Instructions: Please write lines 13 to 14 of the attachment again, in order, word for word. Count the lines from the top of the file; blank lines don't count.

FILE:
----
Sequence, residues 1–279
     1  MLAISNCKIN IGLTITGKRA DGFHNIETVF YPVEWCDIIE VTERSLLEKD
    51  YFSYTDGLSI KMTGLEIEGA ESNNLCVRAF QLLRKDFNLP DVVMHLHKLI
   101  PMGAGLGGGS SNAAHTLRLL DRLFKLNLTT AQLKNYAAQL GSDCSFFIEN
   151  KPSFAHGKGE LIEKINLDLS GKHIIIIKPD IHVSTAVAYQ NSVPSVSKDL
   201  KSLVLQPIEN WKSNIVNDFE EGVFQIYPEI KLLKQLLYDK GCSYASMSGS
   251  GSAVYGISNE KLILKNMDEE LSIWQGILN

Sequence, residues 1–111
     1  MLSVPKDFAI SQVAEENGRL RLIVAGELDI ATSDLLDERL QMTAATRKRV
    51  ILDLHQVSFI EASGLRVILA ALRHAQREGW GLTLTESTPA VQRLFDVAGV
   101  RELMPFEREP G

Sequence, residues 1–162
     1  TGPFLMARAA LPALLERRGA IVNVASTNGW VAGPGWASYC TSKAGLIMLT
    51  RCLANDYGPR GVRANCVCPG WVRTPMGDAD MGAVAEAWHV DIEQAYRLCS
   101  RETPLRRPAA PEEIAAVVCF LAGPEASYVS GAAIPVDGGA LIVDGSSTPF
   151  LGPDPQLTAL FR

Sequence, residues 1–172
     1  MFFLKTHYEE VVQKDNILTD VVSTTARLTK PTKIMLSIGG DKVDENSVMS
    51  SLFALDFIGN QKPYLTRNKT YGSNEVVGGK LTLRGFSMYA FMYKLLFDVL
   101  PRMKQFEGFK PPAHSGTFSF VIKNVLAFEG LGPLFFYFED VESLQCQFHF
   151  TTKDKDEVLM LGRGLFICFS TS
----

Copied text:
     1  TGPFLMARAA LPALLERRGA IVNVASTNGW VAGPGWASYC TSKAGLIMLT
    51  RCLANDYGPR GVRANCVCPG WVRTPMGDAD MGAVAEAWHV DIEQAYRLCS